This question caught my attention in a Facebook contest post by the Ministry of Environment and Water Resources. There was also an enticing hint to get the answers from “The Silent War” YouTube video clip to find out the answer. So, the curious me clicked on the link and off I went, to view a 6 minutes 39 seconds long video which talked about the science behind the fight against dengue.
The video gave an interesting insight into the scientists working in the Environmental Health Institute (EHI), which is also a “World Health Organisation (WHO) Collaborating Centre for Reference and Research of Arbovirus and their Associated Vectors”, and it included some street interviews of people’s opinions regarding the question of whether Aedes eggs can survive without water.
So what do you think?
From the street surveys, most opined doubts that the Aedes eggs can survive in a dry environment. Some said they can do so for two to three days. I thought so too. But the research officer who was interviewed shared that they can survive for up to six months in a dormant state, hatching only when they get wet!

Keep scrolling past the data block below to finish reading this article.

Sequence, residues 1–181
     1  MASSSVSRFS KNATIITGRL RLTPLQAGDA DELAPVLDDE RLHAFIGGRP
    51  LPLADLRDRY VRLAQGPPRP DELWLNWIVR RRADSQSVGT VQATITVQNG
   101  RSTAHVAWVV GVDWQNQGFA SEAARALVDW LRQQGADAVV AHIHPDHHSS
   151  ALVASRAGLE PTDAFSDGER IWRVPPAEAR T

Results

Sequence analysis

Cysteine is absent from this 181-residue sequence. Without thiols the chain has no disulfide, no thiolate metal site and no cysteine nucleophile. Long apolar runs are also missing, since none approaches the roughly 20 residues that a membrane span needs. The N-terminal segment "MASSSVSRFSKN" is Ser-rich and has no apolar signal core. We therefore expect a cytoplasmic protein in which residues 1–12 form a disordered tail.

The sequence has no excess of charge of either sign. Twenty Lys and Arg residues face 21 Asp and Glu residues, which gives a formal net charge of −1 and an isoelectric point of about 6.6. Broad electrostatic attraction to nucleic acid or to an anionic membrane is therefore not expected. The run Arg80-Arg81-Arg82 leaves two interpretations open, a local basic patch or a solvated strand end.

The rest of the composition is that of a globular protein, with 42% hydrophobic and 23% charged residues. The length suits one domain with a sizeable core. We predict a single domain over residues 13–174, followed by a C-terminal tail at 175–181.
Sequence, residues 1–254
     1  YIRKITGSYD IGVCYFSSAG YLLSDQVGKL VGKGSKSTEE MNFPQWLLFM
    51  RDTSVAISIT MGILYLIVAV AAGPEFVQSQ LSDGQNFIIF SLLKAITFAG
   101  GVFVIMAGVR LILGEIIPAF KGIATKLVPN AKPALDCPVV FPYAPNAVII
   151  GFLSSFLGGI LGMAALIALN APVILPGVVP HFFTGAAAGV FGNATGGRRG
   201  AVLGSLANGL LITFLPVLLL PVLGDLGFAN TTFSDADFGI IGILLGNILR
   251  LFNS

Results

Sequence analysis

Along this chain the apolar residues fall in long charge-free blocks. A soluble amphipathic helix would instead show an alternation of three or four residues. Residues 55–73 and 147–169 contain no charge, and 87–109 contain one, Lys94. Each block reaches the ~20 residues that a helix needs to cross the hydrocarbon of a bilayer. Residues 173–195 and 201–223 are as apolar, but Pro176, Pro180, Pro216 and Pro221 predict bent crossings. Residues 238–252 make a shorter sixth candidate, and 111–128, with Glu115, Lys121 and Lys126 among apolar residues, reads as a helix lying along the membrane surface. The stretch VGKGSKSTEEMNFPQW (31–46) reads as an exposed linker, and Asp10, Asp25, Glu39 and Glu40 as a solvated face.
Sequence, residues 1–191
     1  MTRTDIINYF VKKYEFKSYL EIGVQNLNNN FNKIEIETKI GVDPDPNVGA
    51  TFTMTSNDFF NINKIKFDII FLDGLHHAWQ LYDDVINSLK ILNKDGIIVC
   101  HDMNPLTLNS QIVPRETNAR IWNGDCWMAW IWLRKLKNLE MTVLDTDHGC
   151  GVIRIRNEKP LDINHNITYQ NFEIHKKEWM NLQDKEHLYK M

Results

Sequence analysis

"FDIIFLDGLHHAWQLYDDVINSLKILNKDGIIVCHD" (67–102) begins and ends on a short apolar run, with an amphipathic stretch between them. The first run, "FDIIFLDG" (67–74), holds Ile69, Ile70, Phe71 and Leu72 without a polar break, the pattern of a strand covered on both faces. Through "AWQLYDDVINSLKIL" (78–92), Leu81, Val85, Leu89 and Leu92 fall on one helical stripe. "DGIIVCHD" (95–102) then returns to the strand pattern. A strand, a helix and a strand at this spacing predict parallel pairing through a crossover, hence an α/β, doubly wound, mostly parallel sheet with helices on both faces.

How many of us actually know this?
Hearing this kind of freaks me out, because I recently received a letter from the the National Environment Agency (NEA) that Aedes have been found at my block. So, it means that the Aedes eggs might have survived somewhere in the block and are hatching in this rainy season favourable for their growth.
So what should we do now that we know this? Well, of course, we need to take NEA’s dengue advisory very seriously!
Lastly, if you have not watched the video, you may take a look here.